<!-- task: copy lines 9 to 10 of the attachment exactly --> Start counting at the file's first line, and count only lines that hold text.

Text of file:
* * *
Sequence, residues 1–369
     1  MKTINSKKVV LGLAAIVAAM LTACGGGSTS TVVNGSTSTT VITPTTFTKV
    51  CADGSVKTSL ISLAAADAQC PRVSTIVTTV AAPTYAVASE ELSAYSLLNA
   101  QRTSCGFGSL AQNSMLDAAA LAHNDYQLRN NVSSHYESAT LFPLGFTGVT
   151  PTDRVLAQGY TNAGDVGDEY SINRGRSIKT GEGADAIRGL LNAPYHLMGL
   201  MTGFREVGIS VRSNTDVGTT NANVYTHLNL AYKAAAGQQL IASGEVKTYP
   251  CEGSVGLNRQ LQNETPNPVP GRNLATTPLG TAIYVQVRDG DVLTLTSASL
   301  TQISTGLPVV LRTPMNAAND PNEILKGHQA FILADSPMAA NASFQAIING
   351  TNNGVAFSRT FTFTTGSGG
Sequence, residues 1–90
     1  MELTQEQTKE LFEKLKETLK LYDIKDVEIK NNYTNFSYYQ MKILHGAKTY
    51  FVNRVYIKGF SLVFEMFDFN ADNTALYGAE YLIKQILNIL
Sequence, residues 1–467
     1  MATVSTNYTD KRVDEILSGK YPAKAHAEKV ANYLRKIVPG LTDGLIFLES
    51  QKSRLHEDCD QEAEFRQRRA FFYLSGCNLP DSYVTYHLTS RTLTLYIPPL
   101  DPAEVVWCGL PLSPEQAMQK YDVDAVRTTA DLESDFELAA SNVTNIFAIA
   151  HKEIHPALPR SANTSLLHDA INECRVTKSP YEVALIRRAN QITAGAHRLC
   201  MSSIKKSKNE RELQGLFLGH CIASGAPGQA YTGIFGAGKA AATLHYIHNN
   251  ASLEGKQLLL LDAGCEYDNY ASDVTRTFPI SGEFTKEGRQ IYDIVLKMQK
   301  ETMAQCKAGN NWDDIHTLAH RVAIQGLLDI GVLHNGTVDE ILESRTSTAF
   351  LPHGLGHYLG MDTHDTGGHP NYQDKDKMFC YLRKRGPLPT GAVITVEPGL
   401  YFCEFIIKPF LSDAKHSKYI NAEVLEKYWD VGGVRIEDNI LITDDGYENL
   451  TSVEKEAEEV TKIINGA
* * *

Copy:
   351  TNNGVAFSRT FTFTTGSGG
Sequence, residues 1–90